This site has been powered by the open source product WordPress since way back in 2007. In the old days if you wanted a website you’d hand-code it, meaning you’d need to learn about such exciting technologies as HTML and, well, that was about it. Then along came WYSIWYG (that’s What You See Is What You Get) editors like Microsoft FrontPage and NetObjects Fusion that allowed you to focus on the content of your site without delving down into the blood and guts of what made websites work. Of course it never really worked out that way as the sites didn’t quite look the way you wanted. Plus you had to run software on your desktop PC that build and copied the contents up to your web server. And that’s just the tip of the iceberg.
This eventually changed and web-based products like Movable Type and WordPress came along that meant you could make your site look the way you wanted (by either delving into the blood and guts or choosing a style designed by someone else) then easily post and update the content through your web browser from anywhere.
As the years passed WordPress has gotten better and better and I’ve tweaked and evolved my site design frequently to freshen things up. I’ve also added custom functionality that I’ve built myself on top so it was just the way I liked it (I can be a bit fussy).
The interesting thing about WordPress is that there’s a free version – WordPress.org – you can download and install on your server (the one I’ve been using) and, within a few minutes, be publishing to the world. You’re in complete control and can do anything you want including installing any of the thousands of plugins available. But there’s also a different product called WordPress.com which you don’t install on your server, it’s hosted for you. It’s run by the company automattic and while you can create a blog (or site) for free and start publishing immediately, there is a catch (or advantage depending on your point of view). You can’t create plugins or write custom code meaning your ability to change your site’s behaviour is somewhat limited.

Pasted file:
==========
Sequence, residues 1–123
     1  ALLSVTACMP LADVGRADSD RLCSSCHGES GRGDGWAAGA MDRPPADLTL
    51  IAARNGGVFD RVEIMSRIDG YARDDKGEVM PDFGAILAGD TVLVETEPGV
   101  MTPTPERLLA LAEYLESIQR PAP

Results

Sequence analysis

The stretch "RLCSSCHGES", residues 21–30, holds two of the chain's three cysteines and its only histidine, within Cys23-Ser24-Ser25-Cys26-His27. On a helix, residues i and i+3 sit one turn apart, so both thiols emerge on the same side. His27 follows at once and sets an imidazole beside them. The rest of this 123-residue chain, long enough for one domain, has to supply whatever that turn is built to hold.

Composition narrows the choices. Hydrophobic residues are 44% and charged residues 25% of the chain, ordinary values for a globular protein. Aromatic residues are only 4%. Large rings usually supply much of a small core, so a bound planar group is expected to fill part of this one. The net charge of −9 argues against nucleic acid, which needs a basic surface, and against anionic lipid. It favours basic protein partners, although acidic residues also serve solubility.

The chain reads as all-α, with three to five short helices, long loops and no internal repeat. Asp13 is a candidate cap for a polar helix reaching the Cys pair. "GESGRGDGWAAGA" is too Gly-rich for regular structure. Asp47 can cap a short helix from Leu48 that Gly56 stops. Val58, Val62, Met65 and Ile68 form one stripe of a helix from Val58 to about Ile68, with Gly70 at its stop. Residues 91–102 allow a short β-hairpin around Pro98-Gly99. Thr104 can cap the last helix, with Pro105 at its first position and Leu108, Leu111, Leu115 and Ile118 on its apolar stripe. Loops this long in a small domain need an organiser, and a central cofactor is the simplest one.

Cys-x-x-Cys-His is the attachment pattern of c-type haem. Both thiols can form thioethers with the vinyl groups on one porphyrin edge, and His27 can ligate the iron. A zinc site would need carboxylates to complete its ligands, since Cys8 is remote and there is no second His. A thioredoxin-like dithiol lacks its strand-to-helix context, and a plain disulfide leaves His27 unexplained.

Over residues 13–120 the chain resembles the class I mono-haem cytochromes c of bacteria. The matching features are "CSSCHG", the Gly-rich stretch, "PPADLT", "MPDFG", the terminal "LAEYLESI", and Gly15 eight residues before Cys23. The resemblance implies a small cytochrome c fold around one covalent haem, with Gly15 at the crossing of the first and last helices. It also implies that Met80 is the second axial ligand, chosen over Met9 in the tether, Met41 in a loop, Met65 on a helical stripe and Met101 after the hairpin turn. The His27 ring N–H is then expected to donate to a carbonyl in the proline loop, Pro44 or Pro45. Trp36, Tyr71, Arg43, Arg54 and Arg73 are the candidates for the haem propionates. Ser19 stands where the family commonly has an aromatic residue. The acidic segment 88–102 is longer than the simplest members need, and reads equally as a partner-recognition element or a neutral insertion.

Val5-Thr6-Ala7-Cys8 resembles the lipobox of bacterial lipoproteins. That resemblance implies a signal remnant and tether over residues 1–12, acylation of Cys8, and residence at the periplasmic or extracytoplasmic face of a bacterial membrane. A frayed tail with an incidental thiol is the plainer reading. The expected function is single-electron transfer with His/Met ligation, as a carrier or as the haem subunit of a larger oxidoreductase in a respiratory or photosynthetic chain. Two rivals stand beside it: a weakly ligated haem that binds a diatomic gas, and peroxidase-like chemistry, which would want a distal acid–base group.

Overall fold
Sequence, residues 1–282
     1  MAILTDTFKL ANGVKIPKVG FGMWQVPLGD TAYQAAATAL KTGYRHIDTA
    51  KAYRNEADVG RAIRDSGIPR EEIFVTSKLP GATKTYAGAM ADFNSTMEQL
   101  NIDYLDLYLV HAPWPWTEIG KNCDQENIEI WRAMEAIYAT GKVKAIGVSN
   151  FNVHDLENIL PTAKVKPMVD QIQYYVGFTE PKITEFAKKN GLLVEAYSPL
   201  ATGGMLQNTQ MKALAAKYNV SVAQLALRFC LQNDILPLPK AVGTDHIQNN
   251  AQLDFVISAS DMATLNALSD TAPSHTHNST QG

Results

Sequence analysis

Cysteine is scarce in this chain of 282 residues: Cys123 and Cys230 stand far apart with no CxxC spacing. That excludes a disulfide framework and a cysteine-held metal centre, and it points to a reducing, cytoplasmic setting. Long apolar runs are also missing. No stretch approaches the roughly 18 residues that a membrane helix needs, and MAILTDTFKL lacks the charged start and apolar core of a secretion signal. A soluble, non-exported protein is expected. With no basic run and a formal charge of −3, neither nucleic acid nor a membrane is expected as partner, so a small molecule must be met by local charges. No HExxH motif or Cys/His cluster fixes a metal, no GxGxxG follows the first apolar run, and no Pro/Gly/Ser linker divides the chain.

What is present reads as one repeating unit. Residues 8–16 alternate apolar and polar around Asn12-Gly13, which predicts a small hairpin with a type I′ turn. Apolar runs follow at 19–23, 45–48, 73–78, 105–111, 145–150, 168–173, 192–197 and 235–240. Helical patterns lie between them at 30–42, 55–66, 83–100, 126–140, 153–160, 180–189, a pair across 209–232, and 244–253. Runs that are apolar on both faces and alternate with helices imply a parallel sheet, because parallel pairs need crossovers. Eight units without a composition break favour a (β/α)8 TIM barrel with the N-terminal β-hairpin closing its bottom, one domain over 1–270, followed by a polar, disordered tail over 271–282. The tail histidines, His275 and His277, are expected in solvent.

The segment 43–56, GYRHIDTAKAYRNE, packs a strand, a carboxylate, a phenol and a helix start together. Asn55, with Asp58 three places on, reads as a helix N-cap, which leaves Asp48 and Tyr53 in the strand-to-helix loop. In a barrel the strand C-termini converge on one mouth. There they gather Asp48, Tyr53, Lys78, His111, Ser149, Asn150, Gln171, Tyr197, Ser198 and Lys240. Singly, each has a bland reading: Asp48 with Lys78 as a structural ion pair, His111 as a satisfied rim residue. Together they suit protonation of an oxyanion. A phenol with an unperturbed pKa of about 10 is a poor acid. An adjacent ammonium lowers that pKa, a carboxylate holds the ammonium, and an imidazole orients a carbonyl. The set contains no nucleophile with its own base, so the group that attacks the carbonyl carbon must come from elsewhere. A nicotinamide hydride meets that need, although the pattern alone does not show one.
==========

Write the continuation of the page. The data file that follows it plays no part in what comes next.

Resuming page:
While you don’t get anywhere near as much control as WordPress.org running on your own server you do get a lot of cool things. Firstly, it’s built on an infrastructure that hosts some of the highest traffic sites on the internet – and handles it easily. This means you don’t have to worry about keeping your server up and running – they do it for you. Next, as time’s passed I noticed that while I’ve had to write custom code to do some of the nice things I wanted (like supporting photo albums, contact forms, etc), these kind of features and much more now come for free on WordPress.com. There are also things that are actually way beyond what I had and would require some tricky coding to replicate like photo album slideshows, syncing to twitter, Facebook, etc and many other cool things.
Then I spotted a $99 / year upgrade package that gives you the custom theme design option, domain mapping (so I could continue to use johnsadventures.com as my URL), 10GB of space and VideoPress (which I already use for uploading videos). I decided that “what the hell” I’d move my site over as a change is as good as a rest! If I didn’t like it I could always move back. This gave me an opportunity to freshen up my site design a bit and use the cleaner fonts and styles from one of the default themes (twentyeleven) and I’m rather pleased with the result – it’s not hugely different, just better in a lot of small ways. Migrating over my content was dead easy (as were all my images), the design itself took me a couple of nights to do and the transition has been reassuringly simple.
If you’re reading this through a tool like Google Reader then come over and take a look around! Find a photo album and click on one of the pictures, for example. And if you’re reading this on a mobile phone you’ll notice a lightweight theme that’s fast, mobile friendly and much better than having a shed load of graphics loaded before you can squint at tiny text. I’m sure I’ll write about some of the neat features of the platform in time but as I’ve been telling anybody who’ll listen – if you want to start blogging or put a website together then WordPress.org or WordPress.com are my tools of choice!
The only slightly annoying thing is while I trawl through my pre-WordPress posts bringing the pictures on-platform (I don’t have to do it but I’ve been meaning to do it for years) Google Reader treats these updates like they were new posts. If that’s how you keep up to date with things you might like to unsubscribe for a while and keep an eye on my twitter page for new posts!
It’s a shame you missed out the “build your own blogging platform using Ruby on Rails and then never blog” step, because the journey is always more fun than arriving at the destination! 😉
Haha, maybe I’ll do that next in a year or two! 😉
I’ve seen my fair share of migrations from WordPress.com to WordPress.org, but not too many the other way around. Glad to hear that the transition is smooth either way!
Yeah, I suspect I’m in the minority going from .org to .com but thought it’d be fun to try it out! I expect I’ll get bored in a couple of years and go back to .org knowing me!